Digital Disconnect: How Capitalism is Turning the Internet Against Democracy
by Robert W. McChesney
Summary by Ellen Slavitz
Google, Facebook, YouTube, Yahoo. We believe they exist to make our lives more convenient, more interesting, more fun. According to Robert W. McChesney, these Internet marvels are the products of carefully designed operations that enable a small number of corporations to earn huge profits, while providing the public with less and less value, service, and information essential in a democratic society.
McChesney, a media activist and professor at University of Illinois at Urbana-Champaign, is the author of Rich Media, Poor Democracy and dozens of other publications in which he describes how the growing concentration of media ownership has decreased variety, competition, public interest, access and content quality. McChesney is also co-founder of Free Press, a media activist organization based in Washington DC that “advocates for universal and affordable Internet access, diverse media ownership, vibrant public media and quality journalism” (Freepress.net).
In his latest book, Digital Disconnect: How Capitalism is Turning the Internet Against Democracy, McChesney meticulously documents how the Internet went from a non-commercial, seemingly utopian and democratic technology to its current mega-profit maker dominated by a small number of major players. He applies theories of political economy, “an understanding of capitalism and its relationship to democracy” (p. 13) to the evolution and current state of internet ownership and control.
McChesney explains how government, guided by teams of handsomely paid lobbyists, has enabled a cartel of huge corporations to own and control the Internet, much like a tiny number of companies have come to dominate the wireless and cable industries. Large players have gobbled up small and medium sized Internet ventures, eliminating competition and ensuring maximum profits and control.
McChesney details how Internet companies earn enormous profits through sophisticated methods of collecting personal data, which is then sold to advertisers. Every Google search or Facebook “Like,” every Web site visit is monitored, accumulated, and monetized for advertisers. “If you’re not paying for something, you’re not the customer, you’re the product being sold,” says one of McChesney’s sources. Google, Facebook, and similar sites may have started as useful technological innovations but have quickly transformed themselves into businesses that sell our personal information for enormous profits.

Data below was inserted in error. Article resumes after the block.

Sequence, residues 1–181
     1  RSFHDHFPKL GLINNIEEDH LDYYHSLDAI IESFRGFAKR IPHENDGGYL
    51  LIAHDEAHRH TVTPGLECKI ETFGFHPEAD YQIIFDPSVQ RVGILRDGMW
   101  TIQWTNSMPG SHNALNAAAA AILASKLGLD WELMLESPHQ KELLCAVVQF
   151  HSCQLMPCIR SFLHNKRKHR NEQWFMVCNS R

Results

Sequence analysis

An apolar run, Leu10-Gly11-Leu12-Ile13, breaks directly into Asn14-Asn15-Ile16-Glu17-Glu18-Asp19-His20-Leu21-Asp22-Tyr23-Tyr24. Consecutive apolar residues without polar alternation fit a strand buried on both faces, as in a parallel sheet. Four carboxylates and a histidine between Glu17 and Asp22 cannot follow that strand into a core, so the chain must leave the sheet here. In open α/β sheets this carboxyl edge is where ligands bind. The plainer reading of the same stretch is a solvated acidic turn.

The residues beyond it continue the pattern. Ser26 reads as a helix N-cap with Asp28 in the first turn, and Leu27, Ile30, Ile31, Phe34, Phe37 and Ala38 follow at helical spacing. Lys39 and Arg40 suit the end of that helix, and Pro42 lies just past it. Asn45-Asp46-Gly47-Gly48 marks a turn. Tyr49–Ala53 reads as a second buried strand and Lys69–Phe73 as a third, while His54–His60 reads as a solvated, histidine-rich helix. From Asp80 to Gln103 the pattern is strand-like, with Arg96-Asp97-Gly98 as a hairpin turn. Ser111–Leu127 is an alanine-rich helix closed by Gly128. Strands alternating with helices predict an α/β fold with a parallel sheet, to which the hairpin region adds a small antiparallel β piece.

McChesney warns that this massive collection of personal data is also being used in government surveillance. Despite the complicated privacy statements that we that most of us quickly click past when signing up for Web sites, personal privacy on the Internet is all but nonexistent. Internet companies are happy to accommodate surveillance activities, which add to their profits.
McChesney is particularly concerned about the decline of quality journalism. News providers have greatly reduced expensive investigative reporting, instead regurgitating “official” prepackaged messages. The result of this lack of real journalism was, for example, the Iraq War, support for which rested on the Administration’s claims of “Weapons of Mass Destruction” that went virtually unchallenged by the media.
As in his previous book The Death and Life of American Journalism, McChesney argues in Digital Disconnect that quality professional journalism, even in digital format, cannot exist on advertising-based revenue. He views quality journalism as “public good” like schools, roads, and police, and like those services should receive public, non-partisan funding.
In the last chapter, McChesney proposes a list of media related reforms, including strict regulation of advertising; limits on ownership of broadcast media; expansion of nonprofit and publicly supported media and journalism; and stricter regulations controlling online privacy and surveillance. The rest of the chapter presents a broader economic analysis. The technology fueled increase in productivity in this country has not, in McChesney’s view, translated into a higher standard of living for most Americans because “capitalism is not a sane political economy.”
However, throughout Digital Disconnect, McChesney cites experts representing a broader political spectrum who believe that the Internet, along with other media, should be redirected to better serve the needs of a greater percentage of the population and, as a result, the needs of dem